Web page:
Havana Club is on a mission to capture a bigger slice of the premium rum sector by changing public perceptions around the spirit.
Speaking to Marketing Week, the brand’s communications director François Renié says even though the market is diverse and includes premium options, rum is still very much seen as “fun” and not premium.
“Rum still has a dominant perception of being cheap and we are fighting to get the luxury, prestige or high quality image that we really deserve,” he says.
Renié adds this change of image will also help build the overall category. In order to achieve this, rum brands should be working towards the same goal.
He explains: “If we have more brands working to remove this idea that rum is cheap and that it can be premium, it will build the category. Compared to vodka, tequila or whiskey, rum is really under-premiumised in percentage of the overall sector. It needs to be more premiumised and we are fighting for that space.”
‘Providing a soul to the brand’
One way the Pernod Ricard-owned brand is looking to be more premium is by developing its ‘Havana Cultura’ initiative, which launched 10 years ago, which looks to give a platform to Cuban artists from all disciplines and show the world “a more modern side to Cuba”.
“For us, Havana Cultura provides a soul to the brand. We build loyalty and advocacy this way. It might not have the impact of a global advertising campaign, but it does have a deep effect on a small group of influencers and we are solidly building the brand this way,” he explains.
We don’t do EDM, and we are not like Smirnoff or Bacardi that are fighting [to sponsor] major DJs like Avicii. We don’t have the money or want to lose our soul.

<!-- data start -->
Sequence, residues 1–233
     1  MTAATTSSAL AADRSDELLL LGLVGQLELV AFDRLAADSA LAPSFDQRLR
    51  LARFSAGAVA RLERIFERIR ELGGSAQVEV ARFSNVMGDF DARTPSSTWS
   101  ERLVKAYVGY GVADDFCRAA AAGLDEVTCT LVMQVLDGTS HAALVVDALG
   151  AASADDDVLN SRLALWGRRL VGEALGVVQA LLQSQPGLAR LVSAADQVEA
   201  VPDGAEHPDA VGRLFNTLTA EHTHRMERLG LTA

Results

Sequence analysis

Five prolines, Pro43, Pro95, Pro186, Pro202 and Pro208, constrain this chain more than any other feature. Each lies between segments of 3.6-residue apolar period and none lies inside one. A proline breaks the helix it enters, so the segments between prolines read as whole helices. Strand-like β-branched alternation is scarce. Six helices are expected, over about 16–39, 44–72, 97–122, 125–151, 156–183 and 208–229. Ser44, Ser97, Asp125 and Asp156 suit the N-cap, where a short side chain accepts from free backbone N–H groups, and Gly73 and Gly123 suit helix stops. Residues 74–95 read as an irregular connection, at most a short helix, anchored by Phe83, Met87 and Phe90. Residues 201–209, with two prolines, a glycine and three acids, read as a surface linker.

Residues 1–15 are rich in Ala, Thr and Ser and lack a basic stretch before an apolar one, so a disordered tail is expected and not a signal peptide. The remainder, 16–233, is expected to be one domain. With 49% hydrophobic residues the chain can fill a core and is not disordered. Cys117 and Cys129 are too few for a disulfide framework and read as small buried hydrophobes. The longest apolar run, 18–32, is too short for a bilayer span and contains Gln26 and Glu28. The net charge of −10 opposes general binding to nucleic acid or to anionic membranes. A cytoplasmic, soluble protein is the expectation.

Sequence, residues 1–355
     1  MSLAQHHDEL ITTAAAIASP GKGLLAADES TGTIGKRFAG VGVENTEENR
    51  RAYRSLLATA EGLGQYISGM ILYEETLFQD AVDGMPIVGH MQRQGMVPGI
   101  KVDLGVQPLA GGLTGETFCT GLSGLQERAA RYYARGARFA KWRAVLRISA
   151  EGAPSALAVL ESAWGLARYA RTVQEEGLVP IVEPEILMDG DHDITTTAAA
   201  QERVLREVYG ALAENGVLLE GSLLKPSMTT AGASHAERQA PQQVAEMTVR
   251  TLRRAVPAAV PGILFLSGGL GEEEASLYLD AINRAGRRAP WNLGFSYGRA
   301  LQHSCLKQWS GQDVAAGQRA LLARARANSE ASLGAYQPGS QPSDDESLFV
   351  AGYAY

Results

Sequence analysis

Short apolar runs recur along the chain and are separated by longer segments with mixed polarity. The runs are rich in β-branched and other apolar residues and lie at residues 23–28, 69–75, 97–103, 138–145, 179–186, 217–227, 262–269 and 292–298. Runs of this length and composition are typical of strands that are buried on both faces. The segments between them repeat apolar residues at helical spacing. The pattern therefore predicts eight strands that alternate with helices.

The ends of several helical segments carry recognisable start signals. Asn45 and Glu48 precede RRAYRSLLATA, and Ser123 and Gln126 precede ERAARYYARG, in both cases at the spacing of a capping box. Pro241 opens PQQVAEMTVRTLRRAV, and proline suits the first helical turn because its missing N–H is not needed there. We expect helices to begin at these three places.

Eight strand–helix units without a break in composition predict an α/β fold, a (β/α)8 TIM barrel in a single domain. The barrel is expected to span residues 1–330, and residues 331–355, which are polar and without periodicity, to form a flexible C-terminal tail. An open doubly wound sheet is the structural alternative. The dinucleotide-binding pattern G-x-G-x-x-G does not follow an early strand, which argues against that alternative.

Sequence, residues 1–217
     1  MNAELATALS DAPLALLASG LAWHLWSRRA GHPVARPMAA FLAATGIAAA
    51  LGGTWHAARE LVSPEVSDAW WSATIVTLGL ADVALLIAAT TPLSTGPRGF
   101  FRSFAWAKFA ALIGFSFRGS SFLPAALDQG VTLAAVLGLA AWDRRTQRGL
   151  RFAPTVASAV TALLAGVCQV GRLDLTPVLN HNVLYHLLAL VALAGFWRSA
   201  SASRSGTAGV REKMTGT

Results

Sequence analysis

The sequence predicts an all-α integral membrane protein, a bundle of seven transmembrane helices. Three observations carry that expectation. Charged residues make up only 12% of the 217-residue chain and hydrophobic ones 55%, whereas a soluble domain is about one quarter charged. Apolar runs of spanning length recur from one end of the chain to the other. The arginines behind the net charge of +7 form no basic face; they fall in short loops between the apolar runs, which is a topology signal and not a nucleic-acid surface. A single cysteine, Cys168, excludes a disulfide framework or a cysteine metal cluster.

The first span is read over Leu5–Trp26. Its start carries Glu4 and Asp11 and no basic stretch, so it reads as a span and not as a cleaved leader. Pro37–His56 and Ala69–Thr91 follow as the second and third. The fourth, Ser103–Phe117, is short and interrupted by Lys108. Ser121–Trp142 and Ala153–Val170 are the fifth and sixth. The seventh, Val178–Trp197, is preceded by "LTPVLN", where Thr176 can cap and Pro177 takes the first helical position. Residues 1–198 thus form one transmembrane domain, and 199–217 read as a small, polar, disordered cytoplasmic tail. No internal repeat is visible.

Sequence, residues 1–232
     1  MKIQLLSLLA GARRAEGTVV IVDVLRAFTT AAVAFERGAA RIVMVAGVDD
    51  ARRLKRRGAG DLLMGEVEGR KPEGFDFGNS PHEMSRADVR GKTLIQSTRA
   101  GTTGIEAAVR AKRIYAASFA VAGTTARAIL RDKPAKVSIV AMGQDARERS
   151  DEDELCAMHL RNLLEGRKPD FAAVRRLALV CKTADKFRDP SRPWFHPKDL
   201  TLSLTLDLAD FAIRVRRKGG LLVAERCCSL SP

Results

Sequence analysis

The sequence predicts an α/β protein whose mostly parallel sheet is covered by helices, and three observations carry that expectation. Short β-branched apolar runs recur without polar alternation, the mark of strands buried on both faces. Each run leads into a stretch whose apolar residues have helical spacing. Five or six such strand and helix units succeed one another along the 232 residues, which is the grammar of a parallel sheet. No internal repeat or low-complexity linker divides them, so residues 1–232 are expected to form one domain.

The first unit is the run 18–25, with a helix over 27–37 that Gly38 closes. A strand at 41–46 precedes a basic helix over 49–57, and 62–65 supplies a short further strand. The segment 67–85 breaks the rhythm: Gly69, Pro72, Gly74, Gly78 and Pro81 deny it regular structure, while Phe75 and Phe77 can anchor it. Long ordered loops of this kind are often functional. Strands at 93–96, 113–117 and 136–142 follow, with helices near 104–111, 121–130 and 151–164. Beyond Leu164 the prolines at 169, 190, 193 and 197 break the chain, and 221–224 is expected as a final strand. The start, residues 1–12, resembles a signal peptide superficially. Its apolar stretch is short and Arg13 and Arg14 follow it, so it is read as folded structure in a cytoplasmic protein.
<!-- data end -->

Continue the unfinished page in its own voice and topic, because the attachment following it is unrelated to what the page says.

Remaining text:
François Renié, Havana Club
Numerous other alcohol brands have decided to go down the music route in order to reach new audiences. For example, Heineken launched the #LiveYourMusic campaign in April and now sponsors more than 1,000 music events globally. Meanwhile, Corona set up its own global music festival SunSets in 2014 to increase awareness of the brand among millennials.
Renié insists, however, that Havana Club does not want to compete with global beer and spirit companies and is keen to take a less mainstream approach.
“We don’t do EDM, and we are not like Smirnoff or Bacardi that are fighting [to sponsor] major DJs like Avicii. We don’t have the money or want to lose our soul,” he sneers.
In its bid to become more obviously premium, Renié says it is also shying away from mass advertising in favour of “more meaningful small-scale content”.
He concludes: “A big TV campaign does not satisfy everyone, and in the case of spirits it doesn’t satisfy [anyone] at all. We have to be edgy and authentic to cut through. We want to inspire people.”